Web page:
Successivamente, il complesso entrò a far parte delle Terre Arnolfe, sotto il controllo dell’Arcivescovo di Spoleto tra il X e l’XI secolo, ma nessun documento ufficiale precedente al XVI secolo sembra sopravvissuto fino ai nostri giorni. La prima testimonianza scritta riporta la cessione di Forte Cesare dalla famiglia Stefanucci agli Atti, una potente famiglia Guelfa originaria di Todi e dominante su Viterbo.

Tra il XVI e il XVII secolo, Forte Cesare fu radicalmente trasformato da sito militare a complesso residenziale. Solo la torre rimase nella sua originaria posizione dominante, mentre tutte le altre costruzioni vennero ricomprese in una nuova villa a tre piani.

Fino ad allora, troviamo il toponimo indicato come “Peroccolo”, in particolare in alcune mappe redatte nel Vaticano nel XIX secolo ma attestanti la situazione sei secoli prima. La prima volta che si incontra ufficialmente il lemma “Cesare” per indicare il sito, risale ad una carta datata 1629; il motivo può essere ricondotto al nome del condottiero che probabilmente sfruttò quel forte nelle sue campagne nel corso del XV secolo: Cesare Borgia, il cui casato sosteneva lo Stato Pontificio nello scontro tra famiglie Guelfe e Ghibelline. Questa è la ipotesi più accreditata, rispetto alla denominazione ancora oggi utilizzata.

Alla fine del XVIII secolo, Forte Cesare fu donato dal Vescovo Francesco Atti alla Propaganda Fide, un’organizzazione creata dallo Stato Pontificio per sostenere attività missionarie e altre iniziative correlate, inclusa la gestione di terreni e altri beni immobili. Propaganda Fide lo affittò immediatamente alla famiglia Verchiani, e pochi anni dopo lo vendette alla famiglia Ciatti, esattamente nel 1808. Angelo Ciatti, ultimo discendente di questo casato, donò l’intera proprietà alla sua morte (1922) al Comune di Amelia.

La gestione comunale risultò problematica fin dagli inizi. Col suo testamento, Angelo Ciatti intendeva indirizzarne le rendite al Collegio Convitto Boccarini di Amelia, sostenendo in tal modo – con un atto di carità - il sistema educativo locale. Il collegio, inizialmente gestito dall’ordine Francescano, passò nel 1932 ai Padri Salesiani; era la più importante scuola non solo in Amelia, ma nell’intero circondario di piccoli e grandi villaggi, nel raggio di parecchi chilometri. In accordo alle volontà di Angelo Ciatti, Amelia divenne il più importante centro scolastico dell’intero territorio rurale; altre istituzioni di pari livello erano localizzate solo a Todi, Orvieto e Terni.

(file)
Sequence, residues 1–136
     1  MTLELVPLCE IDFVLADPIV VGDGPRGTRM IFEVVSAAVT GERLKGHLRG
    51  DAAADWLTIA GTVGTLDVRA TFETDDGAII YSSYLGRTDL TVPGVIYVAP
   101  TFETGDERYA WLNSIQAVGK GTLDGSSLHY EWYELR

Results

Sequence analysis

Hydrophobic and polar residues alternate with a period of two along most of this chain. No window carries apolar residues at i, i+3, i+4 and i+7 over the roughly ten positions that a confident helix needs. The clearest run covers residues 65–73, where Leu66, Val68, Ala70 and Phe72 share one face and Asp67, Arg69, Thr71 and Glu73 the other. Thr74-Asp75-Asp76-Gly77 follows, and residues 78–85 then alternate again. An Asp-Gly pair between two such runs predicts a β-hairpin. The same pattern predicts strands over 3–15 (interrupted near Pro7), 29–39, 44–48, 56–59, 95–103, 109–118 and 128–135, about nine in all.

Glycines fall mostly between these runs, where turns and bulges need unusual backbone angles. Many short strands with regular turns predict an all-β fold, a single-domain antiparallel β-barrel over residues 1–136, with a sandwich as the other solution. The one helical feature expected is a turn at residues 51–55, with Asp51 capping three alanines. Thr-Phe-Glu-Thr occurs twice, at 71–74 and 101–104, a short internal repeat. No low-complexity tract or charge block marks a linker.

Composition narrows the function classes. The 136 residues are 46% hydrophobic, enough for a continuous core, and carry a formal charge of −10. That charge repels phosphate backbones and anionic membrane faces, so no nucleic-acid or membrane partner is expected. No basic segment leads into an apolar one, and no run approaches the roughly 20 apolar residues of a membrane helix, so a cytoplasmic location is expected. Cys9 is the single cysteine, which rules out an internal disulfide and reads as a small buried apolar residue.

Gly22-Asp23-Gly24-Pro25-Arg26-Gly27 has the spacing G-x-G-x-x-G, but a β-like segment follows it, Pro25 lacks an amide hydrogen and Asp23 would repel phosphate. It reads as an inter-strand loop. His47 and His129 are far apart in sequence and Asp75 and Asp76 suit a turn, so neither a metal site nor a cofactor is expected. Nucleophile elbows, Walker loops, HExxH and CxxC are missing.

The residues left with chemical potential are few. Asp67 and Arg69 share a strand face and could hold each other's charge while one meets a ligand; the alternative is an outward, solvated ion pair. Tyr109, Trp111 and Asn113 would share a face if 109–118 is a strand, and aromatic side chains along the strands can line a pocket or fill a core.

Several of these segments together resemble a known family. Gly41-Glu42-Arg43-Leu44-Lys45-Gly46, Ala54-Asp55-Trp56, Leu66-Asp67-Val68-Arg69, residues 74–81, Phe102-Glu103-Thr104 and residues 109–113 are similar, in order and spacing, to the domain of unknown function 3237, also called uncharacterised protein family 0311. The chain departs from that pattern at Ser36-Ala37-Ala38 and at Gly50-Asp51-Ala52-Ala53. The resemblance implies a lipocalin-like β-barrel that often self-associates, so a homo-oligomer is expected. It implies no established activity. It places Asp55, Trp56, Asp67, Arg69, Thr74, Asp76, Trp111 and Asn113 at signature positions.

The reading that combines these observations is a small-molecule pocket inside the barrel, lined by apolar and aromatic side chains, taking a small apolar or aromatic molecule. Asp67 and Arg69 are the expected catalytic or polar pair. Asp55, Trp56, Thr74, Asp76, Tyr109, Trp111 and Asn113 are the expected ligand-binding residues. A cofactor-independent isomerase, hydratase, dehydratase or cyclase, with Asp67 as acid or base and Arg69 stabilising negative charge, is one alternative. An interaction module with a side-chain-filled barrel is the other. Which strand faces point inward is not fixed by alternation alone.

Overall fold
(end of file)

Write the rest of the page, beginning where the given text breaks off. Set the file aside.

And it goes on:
Due problemi emersero dal lascito Ciatti: dapprima una forte opposizione legale da parte di alcuni famigliari, che tentarono di invalidare la volontà di trasferire la proprietà al Comune di Amelia. In secondo luogo, mentre Amelia era il Comune proprietario, terreni ed edifici rientravano nel territorio sotto il governo del Comune di Montecastrilli; i ruoli erano differenti, essendo il primo formale proprietario, mentre all’altro competeva l’indirizzo urbanistico e territoriale. In effetti tale dualismo non sembra abbia inizialmente creato serie questioni tra le parti, ma senza dubbio costituì la ragione di alcune incertezze, di mancanza di collaborazione e di alcuni scarichi di responsabilità che si verificarono nei decenni successivi. Alla fine della seconda guerra mondiale, terreni ed edifici vennero affittati a locali famiglie di agricoltori, e successivamente al Molino Cooperativo, che si occupava di alcune fasi di trasformazione dei raccolti di cereali prodotti nel comprensorio. E’ specialmente dopo il terremoto del 30 luglio 1978 che le condizioni di degrado iniziarono a far sentire i propri effetti su terre ed edifici, e probabilmente in questo stesso periodo iniziarono, o si accentuarono, furti e saccheggi. Ben prima della conclusione del ventesimo secolo, il bene si trasformò per Amelia da risorsa a problema.

Nel 1986, il Comune di Amelia chiese dei contributi pubblici per lo sviluppo economico dell’area, attraverso il programma P.I.M. gestito dal governo regionale dell’Umbria. Forte Cesare era formalmente compreso nel patrimonio oggetto di rilancio, in ben tre misure: la “A”, con 20 ettari di terreni assegnati all’allevamento di daini; la “D”, tra 120 e 150 ettari destinati all’allevamento di ovini; e infine la “E”, la proposta di restauro della villa: una scuola professionale per l’agronomia e l’ospitalità rurale, oltre a un ristorante e a una sezione espositiva per la promozione delle produzioni locali, erano compresi nel progetto, il cui valore (per la sola misura E) ammontava a 1,5 miliardi di Lire. Il programma P.I.M. non fu finanziato, e quindi mai realizzato. Si tratta del solo documento programmatico esistente, nel quale una vaga visione di soluzione integrata era stata delineata ed effettivamente tentata, mettendo insieme terra e immobili. In ogni caso, tali proposte contenevano un grande difetto: la negazione di una qualsiasi consapevolezza e valorizzazione culturale, storica e paesaggistica, sia nell’analisi che nelle conseguenti proposte presentate. Conseguentemente, vent’anni dopo la presentazione delle bozze di progetto in ambito P.I.M., questo susseguirsi di approcci muddling through, o “dell’improvvisazione”, porterà alla vendita di Forte Cesare ad un soggetto privato, in condizioni di ulteriore abbandono, danneggiamento e saccheggio.